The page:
This week on #XPLAPcamp I have posed the following Question:

3-5-18 Player Types - Player (1)








I am intrigued by the “Player” player type in the realm of education because most educators, especially ed reform minded types, are so put off by the idea of external motivation. I completely understand the need to be cautious of over reliance on external motives; too much reward might cause an overjustification effect. This is the concept that if a person is rewarded for doing an activity they had perviously done for the love of the activity they will stop doing it if the reward is taken away. There is some evidence that this is a concern. I would contend that this ignores a fundamental truth of human nature – that some people are motivated by receiving an external reward. I think it also fails to acknowledge that in a system designed to provide a points based reward (i.e. grades in school) that students will want to be sure that they have at least a fair and secure base of points before they experiment and take risks. I have written my thoughts on this before in my Thoughts on students’ base needs and grading systems.

I want to offer an example of a “Player” Player Type motivation that all teachers are intimately aware of. An example that is celebrated and beloved by teachers. Something that is not likely to be thought of as an external motivator or “Player” player type engagement tool. I give you…

This slideshow requires JavaScript.


Yes, the humble jeans day is a great example of of the Player player type motivators. Check out how Andrzej Marczewski describes the player type motivators.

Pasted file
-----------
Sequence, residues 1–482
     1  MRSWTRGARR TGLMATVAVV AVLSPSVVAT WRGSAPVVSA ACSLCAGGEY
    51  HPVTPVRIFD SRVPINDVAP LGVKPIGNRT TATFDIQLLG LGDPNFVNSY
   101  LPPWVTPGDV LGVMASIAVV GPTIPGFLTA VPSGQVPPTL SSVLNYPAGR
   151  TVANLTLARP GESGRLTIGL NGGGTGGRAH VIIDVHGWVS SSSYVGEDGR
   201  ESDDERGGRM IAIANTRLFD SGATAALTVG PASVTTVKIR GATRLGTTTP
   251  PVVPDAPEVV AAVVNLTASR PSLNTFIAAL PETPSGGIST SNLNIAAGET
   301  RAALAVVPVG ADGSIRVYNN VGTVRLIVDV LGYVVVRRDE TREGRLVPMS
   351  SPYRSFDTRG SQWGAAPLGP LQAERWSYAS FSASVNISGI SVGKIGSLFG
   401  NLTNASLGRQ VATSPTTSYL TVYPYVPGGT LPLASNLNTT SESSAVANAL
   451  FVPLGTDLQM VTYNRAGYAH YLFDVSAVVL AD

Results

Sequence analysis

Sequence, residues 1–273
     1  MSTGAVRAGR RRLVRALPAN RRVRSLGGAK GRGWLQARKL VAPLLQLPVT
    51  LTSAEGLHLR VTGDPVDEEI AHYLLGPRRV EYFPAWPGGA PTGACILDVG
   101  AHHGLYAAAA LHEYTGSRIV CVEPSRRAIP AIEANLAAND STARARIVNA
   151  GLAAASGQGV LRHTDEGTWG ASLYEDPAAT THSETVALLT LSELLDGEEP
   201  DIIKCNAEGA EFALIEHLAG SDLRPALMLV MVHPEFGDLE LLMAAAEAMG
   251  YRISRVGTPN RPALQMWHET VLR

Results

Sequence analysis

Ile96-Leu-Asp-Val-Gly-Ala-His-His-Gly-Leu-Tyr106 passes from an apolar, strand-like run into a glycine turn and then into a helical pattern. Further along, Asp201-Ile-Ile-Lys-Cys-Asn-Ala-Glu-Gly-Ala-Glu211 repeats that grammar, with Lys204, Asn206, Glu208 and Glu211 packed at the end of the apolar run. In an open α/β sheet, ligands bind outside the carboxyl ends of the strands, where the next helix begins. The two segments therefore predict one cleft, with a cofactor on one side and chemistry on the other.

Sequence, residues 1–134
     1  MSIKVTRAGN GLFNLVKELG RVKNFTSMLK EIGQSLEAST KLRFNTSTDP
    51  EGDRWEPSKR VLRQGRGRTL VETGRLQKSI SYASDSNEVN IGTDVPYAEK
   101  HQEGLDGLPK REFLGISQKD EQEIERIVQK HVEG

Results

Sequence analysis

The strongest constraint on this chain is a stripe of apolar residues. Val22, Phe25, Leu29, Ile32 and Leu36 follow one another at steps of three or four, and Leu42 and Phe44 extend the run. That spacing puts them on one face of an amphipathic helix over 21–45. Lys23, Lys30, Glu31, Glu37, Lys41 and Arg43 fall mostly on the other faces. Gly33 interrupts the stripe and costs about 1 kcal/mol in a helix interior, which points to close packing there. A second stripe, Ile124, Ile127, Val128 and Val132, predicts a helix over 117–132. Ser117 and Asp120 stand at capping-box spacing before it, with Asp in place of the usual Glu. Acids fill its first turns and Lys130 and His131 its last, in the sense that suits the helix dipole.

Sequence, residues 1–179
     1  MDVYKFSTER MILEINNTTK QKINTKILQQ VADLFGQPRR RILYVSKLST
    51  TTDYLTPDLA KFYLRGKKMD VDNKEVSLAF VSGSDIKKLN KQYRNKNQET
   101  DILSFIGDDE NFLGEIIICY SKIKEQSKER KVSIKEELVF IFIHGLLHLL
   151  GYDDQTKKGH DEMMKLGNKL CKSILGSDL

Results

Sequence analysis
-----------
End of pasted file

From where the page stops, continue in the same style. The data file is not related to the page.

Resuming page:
Players are motivated by Rewards; especially physical rewards and badges. If you are in education think about the last time your Principal declared a Jeans Day. My guess is that it was as a reward for a job well done or as compensation for completing an extra duty. For example, I have had Jeans Days after having to stay late for an after school program.

A particularly well applied use of Jeans Day, sometimes not intentionally, is when it is used as a Badge. At my school Jeans Day is often paired with a fundraiser. In fact there is a veteran’s organization that has made this a primary way of earning donations. The format is common – if the teacher pays $5 then they can wear Jeans on Friday. Personally, Jeans Day does nothing for me. I prefer to wear khakis at my most casual in the classroom; however, the Jeans are not meant as a comfort but as a symbol that the teacher participated in the fundraiser. Oh, Ms. So-and-So supports the troops because she is wearing jeans but Mr. Powley must not support them because he is in khakis. I have donated money and worn Jeans on many occasions simply to have the badge that goes with the fundraiser.

In either situation Jeans Day is nothing more than an External Motivator on some particular action. You may argue that it simply fosters compliance which may be true, but the money is still raised or the achievement still accomplished. It by no means replaces the other motivations that are present. Which I think is part of a well designed game inspired system. There are multiple layers of engagement and external motives are only a piece of the larger puzzle.

I am excited to see the various ways that the #XPLAPcamp campers come up with adding a well designed “Player” player type motivation strategy to the classroom!